If neither of your parents or legal guardians attended a four-year college or obtained a bachelor's degree, you are considered a first-generation college student.
Nov. 8 is national first-generation celebration day. Last year, USC celebrated for a single day, but because of positive feedback from students and faculty, USC’s first-generation celebration has expanded to an entire week.
“Being first generation impacts every dimension of life as a college student,” Shanna Robinson, co-chair of the First Generation College Student Working Group Committee, said in an email interview.
This is why USC finds it important to celebrate the roughly 15% of its students who are first-generation, Robinson said.
“Providing a week-long event will not only inspire and empower first-generation students, but it will elevate the status of first-generation students at UofSC and recognize their achievements in being the first in their family to attend college,” Robinson said.
The week of Nov. 4 is full of first-generation focused question and answer panels, workshops and celebrations on campus, which are open to all members of USC’s campus and community.
The events offered throughout the week are meant to educate and equip first-generation students with the knowledge of what it means to be first-generation and how to move past the hardships attached to the label.
“Some of the most successful people have faced tremendous adversity,” Ashley Byrd-White, USC’s assistant director for career education, said.
Byrd-White led a Career Center strengths-based workshop on Tuesday. She spoke on how to prevail over the weaknesses that come with being first-generation and how to turn strengths into skills in order to reach goals.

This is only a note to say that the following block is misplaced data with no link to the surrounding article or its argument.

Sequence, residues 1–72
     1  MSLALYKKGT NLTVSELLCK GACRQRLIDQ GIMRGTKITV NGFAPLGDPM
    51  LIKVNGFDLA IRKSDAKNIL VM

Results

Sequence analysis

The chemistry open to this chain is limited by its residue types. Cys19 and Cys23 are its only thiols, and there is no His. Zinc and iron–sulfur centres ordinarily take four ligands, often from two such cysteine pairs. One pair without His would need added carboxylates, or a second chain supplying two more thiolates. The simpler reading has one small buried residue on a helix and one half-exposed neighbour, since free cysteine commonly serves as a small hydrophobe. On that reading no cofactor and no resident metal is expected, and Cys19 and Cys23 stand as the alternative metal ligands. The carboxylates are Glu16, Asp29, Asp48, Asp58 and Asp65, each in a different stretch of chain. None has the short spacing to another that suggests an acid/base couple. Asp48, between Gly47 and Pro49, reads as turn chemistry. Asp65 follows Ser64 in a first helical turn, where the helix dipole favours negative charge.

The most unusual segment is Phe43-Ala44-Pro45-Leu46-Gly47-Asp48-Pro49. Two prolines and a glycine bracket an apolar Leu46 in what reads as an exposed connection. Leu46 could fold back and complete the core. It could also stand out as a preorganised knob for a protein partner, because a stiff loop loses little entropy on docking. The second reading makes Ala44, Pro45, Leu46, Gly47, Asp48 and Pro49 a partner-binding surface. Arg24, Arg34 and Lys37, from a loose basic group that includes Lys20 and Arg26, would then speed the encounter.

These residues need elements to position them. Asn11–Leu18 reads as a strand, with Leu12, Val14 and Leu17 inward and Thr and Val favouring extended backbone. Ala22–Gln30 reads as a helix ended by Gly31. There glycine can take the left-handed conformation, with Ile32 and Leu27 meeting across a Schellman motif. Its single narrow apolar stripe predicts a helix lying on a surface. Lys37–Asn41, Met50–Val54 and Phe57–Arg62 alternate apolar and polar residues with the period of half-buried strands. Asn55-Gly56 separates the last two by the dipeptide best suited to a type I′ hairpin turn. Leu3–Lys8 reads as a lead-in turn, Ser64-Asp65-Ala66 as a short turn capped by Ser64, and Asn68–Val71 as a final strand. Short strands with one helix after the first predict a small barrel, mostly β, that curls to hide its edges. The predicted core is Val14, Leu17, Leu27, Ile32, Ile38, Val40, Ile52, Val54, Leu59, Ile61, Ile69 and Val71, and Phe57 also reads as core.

In this conversational workshop, Byrd-White focused on allowing the first-generation students in the room to converse with each other about their strengths and encouraged students in attendance to reflect on the skills they possess.
“I came here because I wanted to find out what my strengths and weaknesses are as a first-gen student, and this workshop gave me insight,” first-year first-generation student Amarie Hall said.
Carly Zerr, a leadership coach at USC, led another workshop focusing on service and leadership in the Career Center on Wednesday. The workshop informed first-generation students on the different ways they could get involved in leadership positions on campus.
“As first-gen, you are more likely to have leadership characteristics such as courage," said Ashley Bailey-Taylor, co-chair of the First Generation College Student Working Group Committee.
During the workshop, first-generation students went around the room and shared their best leadership characteristics while empowering other students.
The last event held at USC for first-generation week will be a celebration on Davis Field from 11:30 a.m to 2 p.m on Friday.
“I’m looking forward to this event in hopes of connecting to more first-gen students,” fourth-year first-generation geography student Jawaun Mcclam said.
Everyone is welcome to attend the celebration event, and photos can be posted on all social media with #UofSCFirstGen.